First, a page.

Bill against animal cruelty passes 1st reading

Knesset bill would strengthen authorities that patrol animal cruelty, amendmending the current Animal Welfare Law.

May 17, 2012 00:56
2 minute read.
TIGHTLY PENNED cows in a field

TIGHTLY PENNED cows in a field 370. (photo credit: Anonymous for Animal Rights - Facebook)


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The Knesset approved in its first reading a bill that would strengthen the authorities that patrol animal cruelty, making significant amendments to the current Animal Welfare Law.

The bill, launched by MKs Eitan Cabel (Labor), Dov Henin (Hadash) and Uri Ariel (National Union), passed the first reading on Tuesday night, and aims to remediate the weaknesses in today’s enforcement mechanisms.

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While an Animal Welfare Law has existed in the country since 1994, the MKs and many animal rights organizations argue that its regulations do not properly translate into actions of enforcement.

The new bill would grant additional powers to inspectors to ensure that people are complying with the Animal Welfare Law, according to a spokeswoman for Henin. Included in the bill are mandates for surprise inspections of all facilities that contain animals – such as farms, stores and other institutions. Only through such mechanisms will it be possible to ensure the implementation of the regulations regarding animal treatment, the spokeswoman wrote.

“It’s about time that the provisions for animal protection will not remain on paper but will be implemented in reality,” Henin said in a statement released by his office. “The Supervision Bill, which was confirmed [Tuesday] in its first reading, is a huge step in that direction.”

To Eti Altman, the founder and spokeswoman of the organization Let The Animals Live, the new bill is a very positive move, but she emphasized that “the problem is much bigger” and it remains to be seen whether officials will succeed in enforcing the law.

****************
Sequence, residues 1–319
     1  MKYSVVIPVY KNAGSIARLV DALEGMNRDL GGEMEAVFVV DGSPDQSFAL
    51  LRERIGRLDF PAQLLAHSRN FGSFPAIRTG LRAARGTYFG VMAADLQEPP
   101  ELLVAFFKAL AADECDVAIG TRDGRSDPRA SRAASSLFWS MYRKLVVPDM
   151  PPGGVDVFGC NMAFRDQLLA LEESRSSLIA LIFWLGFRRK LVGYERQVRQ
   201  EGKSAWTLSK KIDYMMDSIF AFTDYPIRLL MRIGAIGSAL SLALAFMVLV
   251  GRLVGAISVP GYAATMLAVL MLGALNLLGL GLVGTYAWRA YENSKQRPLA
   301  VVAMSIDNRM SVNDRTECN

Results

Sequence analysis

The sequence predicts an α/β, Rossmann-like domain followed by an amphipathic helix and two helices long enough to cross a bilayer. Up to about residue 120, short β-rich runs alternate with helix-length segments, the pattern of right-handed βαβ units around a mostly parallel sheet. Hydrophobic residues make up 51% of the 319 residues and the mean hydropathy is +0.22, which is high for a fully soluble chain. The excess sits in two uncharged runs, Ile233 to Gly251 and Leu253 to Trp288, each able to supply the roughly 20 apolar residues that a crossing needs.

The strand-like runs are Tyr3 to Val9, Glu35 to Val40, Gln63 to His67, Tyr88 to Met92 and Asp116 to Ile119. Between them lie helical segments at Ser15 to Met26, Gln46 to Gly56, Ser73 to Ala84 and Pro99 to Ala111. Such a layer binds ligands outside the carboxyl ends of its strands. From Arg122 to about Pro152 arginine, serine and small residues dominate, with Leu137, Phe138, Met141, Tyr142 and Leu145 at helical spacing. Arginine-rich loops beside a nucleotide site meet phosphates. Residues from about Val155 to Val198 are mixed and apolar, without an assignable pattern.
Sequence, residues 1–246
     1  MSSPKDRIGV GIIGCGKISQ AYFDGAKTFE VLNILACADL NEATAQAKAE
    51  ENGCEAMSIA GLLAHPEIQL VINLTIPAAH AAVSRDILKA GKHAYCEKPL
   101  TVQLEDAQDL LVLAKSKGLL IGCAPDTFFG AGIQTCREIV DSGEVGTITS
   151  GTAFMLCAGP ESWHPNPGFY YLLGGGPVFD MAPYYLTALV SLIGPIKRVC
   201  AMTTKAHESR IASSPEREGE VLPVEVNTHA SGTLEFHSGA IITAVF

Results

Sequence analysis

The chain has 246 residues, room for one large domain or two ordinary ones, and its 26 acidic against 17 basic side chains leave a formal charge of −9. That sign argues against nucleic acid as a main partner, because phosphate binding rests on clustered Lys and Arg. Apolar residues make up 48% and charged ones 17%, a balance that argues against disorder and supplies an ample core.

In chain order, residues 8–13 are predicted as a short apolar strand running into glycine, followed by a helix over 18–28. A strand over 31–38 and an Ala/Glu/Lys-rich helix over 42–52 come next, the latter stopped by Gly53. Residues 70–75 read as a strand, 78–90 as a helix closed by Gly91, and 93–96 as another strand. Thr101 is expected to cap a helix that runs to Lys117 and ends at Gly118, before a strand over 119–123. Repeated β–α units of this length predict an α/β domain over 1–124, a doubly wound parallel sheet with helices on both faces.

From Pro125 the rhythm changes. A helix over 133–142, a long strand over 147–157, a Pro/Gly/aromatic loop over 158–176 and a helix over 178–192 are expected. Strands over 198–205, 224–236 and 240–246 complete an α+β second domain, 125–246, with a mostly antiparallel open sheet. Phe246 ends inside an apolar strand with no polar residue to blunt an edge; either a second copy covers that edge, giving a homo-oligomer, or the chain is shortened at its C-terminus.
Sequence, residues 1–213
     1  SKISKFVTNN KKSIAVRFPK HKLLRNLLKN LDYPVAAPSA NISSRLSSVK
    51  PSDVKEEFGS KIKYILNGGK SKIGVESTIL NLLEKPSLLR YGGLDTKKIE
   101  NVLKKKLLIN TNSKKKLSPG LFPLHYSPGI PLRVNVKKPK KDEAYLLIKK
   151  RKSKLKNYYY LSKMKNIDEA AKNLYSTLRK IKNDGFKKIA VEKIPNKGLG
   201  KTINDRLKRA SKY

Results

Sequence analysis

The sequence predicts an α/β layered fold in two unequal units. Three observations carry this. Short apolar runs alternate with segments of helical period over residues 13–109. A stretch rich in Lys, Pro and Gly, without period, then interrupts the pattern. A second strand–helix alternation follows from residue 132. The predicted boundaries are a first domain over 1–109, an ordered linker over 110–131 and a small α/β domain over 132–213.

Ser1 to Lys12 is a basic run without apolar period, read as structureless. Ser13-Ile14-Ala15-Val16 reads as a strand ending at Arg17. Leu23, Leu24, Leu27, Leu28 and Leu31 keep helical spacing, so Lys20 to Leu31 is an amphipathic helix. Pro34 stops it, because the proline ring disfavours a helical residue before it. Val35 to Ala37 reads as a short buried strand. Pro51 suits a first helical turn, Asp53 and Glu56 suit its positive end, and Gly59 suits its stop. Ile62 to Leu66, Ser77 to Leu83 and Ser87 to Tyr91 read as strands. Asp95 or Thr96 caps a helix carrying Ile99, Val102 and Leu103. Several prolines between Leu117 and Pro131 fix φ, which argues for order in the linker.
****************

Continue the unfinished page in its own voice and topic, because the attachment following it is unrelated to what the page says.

“Violence in Israel is becoming greater and greater, both among humans and in hurting animals,” Altman told The Jerusalem Post on Wednesday afternoon. “Therefore, it’s very important that there will be bills in the Knesset. But it is more important that we take care of these laws.”


According to what she sees in the field every day, animal abuse is still outrageously prevalent, she said.

“It’s simply something horrible that occurs here,” Altman added. “Now the summer vacation is beginning and a lot of students are on vacation. They don’t have anything to do – so [they] come abuse animals.”

A second organization, Anonymous for Animal Rights, also praised the passage of the bill in its reading but also viewed it with caution.

“We congratulate the Knesset members on this important bill,” a statement from the group said. “Today the Agriculture Ministry cares only about the interests of the meat industry and does not enforce the Animal Welfare Law, and as the investigation team of the organization has documented more than once, cruelty to animals is routine.”

Anonymous cited examples such as beating calves with pitchforks and electric shockers, stressing the need for enforcement against such actions. Officials also need to draft more regulations that protect the abused animals themselves, particularly those that are currently injured on industrialized farms, according to the organization.

“Issuing regulations under the Animal Welfare Law – for example, those that would forbid cutting limbs from farm animals without using anesthesia – will be advanced only when enforcement authorities of the law pass from the Agriculture Ministry to the Environmental Protection Ministry,” the organization said.

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